It’s February, and Wageningen University’s Greenhouse Challenge has officially started. For the next few months, teams all over the world will be designing an urban farming system for the Bijlmerbajes, a former prison complex near Amsterdam (what is it with prisons and urban farming?). I am participating, helping out with the technical side of our group, Green Spark.
To give the teams some background and inspiration, the organisers of the challenge have provided a series of webinars covering many aspects. This week we had two technical webinars – one on circularity, and one on energy.
Today’s article is on the the latter: energy in plant production systems, given by Professor Geert Verbong, chair of System Innovations and Sustainability Transitions at Eindhoven University of Technology.
Greenhouses as a source of energy?
The webinar was about the transition to a more energetically-sustainable greenhouse. People have been working on this for a while in the Netherlands. The Dutch horticultural industry constantly innovates, achieving impressive yields with high efficiency. Kas als Energiebron (the greenhouse as a source of energy) is an initiative by LTO (an organisation for farmers and greenhouse growers in the Netherlands) and the Dutch government.
In 2006, Kas als Energiebron built an experimental greenhouse, at a company called Hydro Huisman, to see whether a greenhouse could produce energy. Here are some of the innovative technologies they used:
- Fine-wire heat-exchange systems (FiWiHEx).
- Aquifer thermal energy storage (ATES), storing excess heat in a layer of wet sand underground.
- Heat pumps, to supply and store heat when needed.
All of this was to collect, store, and reuse energy. The results obtained by Wageningen University and Research were promising. They expected that this greenhouse could produce more energy in a year than it used. The problem was that this isn’t economically feasible for growers.
In 2016, new goals and innovations were introduced:
- Climate-neutral greenhouses by 2050
- Geothermal energy
- Solar photovoltaics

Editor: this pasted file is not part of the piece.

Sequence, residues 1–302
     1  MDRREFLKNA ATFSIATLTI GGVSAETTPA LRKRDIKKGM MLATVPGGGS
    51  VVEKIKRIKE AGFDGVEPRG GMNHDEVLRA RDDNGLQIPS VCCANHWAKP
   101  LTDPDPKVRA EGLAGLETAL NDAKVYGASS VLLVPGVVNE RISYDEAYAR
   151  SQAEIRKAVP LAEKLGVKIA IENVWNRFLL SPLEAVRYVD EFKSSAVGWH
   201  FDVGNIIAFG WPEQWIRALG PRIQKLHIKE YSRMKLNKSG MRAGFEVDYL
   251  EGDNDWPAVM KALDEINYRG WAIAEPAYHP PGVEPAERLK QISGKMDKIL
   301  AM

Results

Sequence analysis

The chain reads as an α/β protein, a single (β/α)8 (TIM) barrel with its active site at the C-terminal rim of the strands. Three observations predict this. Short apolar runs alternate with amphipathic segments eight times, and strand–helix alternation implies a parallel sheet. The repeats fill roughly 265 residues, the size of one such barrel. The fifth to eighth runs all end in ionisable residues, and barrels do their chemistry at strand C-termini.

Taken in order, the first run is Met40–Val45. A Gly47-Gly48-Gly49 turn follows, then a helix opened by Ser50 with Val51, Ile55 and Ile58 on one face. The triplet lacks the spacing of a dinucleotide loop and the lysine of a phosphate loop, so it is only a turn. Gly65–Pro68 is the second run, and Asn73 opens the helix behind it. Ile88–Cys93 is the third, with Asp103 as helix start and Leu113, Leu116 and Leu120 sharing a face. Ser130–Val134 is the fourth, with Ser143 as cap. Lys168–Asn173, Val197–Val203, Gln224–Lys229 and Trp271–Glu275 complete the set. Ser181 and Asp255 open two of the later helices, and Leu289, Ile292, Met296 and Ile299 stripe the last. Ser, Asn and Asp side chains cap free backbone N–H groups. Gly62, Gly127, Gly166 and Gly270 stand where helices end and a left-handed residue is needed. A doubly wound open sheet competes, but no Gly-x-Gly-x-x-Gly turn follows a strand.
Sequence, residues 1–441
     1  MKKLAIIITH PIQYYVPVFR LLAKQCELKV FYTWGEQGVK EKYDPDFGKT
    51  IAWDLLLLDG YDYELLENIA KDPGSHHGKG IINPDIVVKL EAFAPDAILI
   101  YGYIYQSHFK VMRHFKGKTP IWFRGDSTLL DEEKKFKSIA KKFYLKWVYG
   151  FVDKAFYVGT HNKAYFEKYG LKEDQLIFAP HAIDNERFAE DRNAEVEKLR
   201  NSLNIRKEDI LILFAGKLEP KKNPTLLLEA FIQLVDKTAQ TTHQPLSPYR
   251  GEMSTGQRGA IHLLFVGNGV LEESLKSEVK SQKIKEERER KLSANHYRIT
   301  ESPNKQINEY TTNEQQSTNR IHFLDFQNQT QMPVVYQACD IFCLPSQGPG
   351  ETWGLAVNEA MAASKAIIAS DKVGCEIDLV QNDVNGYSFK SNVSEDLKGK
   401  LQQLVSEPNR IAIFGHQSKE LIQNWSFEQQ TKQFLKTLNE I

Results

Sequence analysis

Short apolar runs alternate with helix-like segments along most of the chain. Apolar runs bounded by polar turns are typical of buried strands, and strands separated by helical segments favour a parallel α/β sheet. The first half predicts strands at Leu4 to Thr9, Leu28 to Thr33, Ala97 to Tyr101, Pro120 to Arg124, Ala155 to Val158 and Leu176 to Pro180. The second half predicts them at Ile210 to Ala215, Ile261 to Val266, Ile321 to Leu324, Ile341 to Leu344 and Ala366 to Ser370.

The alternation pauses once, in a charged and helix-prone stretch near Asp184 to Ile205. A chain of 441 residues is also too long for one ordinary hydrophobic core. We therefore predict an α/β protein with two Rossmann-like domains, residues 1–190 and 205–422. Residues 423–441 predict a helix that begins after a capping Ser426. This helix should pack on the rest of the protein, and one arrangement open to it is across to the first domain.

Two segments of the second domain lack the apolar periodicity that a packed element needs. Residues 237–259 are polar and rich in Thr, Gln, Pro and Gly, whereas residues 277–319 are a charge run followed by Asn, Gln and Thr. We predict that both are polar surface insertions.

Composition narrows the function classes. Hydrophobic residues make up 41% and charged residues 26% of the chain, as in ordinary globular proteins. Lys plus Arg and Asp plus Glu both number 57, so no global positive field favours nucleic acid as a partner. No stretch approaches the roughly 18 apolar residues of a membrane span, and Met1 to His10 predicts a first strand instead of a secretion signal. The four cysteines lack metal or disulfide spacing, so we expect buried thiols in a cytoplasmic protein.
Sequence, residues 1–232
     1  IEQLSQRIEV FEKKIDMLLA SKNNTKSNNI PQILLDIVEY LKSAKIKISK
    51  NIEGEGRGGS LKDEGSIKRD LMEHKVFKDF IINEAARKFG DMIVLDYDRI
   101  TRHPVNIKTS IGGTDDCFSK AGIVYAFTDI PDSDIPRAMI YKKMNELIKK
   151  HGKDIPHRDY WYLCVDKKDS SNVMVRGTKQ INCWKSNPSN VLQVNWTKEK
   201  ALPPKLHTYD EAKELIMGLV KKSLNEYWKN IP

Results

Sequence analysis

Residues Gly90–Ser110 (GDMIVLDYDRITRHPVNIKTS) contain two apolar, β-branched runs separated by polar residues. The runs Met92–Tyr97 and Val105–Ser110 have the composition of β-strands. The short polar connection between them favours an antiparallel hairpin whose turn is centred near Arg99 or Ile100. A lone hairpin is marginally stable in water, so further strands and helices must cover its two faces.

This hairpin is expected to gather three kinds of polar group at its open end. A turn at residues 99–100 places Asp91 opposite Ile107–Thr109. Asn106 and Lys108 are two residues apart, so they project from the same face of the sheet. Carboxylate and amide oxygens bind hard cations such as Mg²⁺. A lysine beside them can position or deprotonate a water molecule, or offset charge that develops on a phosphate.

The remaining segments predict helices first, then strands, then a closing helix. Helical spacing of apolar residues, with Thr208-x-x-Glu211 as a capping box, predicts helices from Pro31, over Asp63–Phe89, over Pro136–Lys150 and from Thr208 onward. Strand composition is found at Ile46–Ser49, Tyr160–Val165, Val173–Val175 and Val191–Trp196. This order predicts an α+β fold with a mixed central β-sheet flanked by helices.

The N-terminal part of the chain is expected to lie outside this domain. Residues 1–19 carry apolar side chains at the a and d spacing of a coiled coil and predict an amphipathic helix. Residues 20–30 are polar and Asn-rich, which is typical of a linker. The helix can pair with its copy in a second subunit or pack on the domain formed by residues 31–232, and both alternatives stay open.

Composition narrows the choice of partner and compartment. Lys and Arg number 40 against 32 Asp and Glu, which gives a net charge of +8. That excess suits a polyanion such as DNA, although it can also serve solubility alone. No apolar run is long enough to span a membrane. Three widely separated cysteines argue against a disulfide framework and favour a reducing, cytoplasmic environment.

- Semi-closed greenhouses, using ATES.
- Better insulation.
- More efficient systems in general.
This would be gradually implemented. Professor Verbong suggested that these goals weren’t really ambitious enough, especially since a lot of the solutions are already out there.
One approach that interested me was Het Nieuwe Telen (next-generation growing), another initiative by Kas als Energiebron. Het Nieuwe Telen includes a course for greenhouse growers. It aims to save energy and maximise yield through helping growers apply the knowledge of physics and plant biology.
Over 300 growers have done this, and the savings have been staggering. Simply by changing the way they control their climate, growers have been able to use 25% less energy – without a single change to their greenhouse’s infrastructure. A lot of it has to do with controlling humidity. By fitting new equipment, savings could be increased to 35%.
Professor Verbong’s projections
Greenhouses need to be seen as an energy utility. Many of them already are, using natural gas to generate electricity whilst supplying heat and CO2 to the greenhouse. Growers sell their energy to the grid, to the point where it’s become a significant source of income for many. That said, installing these cables is quite a task and the cables often outlast the greenhouses themselves. There are also vested interests, though the industry has managed to gain support.
Things could also be changed on a system level. Supply-driven smart grids, or an energy internet as Jeremy Rifkin calls it, would help improve efficiency. Through the EU, there is less protectionism within Europe, leading to lower energy prices overall. Renewable energy is becoming more competitive, though so have fossil fuels recently. Grid pricing is becoming based on marginal cost* – and nothing beats renewables for that.
Professor Verbong also raised political choices to be made. Will there be a top-down EU supergrid, or will our energy supply be based on local initiatives, or cooperatives? These don’t seem mutually exclusive, but I’ll stop now, because I don’t know much about the European energy market.
Back to the scale of a city. Professor Verbong said that an entire city can’t become zero-energy within its own boundaries. I suppose this is because within its own area, there isn’t enough solar or wind energy to power a city.
Greenhouse horticulture – and vertical farming, for that matter – will remain energy-intensive operations. The Dutch horticultural sector needs to adapt to a future without natural gas. The question is how this energy will be supplied. Electricity? Heat? Biomass?
There isn’t enough biomass to completely cover the industry, but it could play a complementary role. Heat is still a good option, as long as it’s high-quality heat, so at higher temperatures. A general trend seems to be electrification. The changes are likely to be incremental.
*As more and more energy starts coming from renewable sources, this might not be such a good idea, according to this article.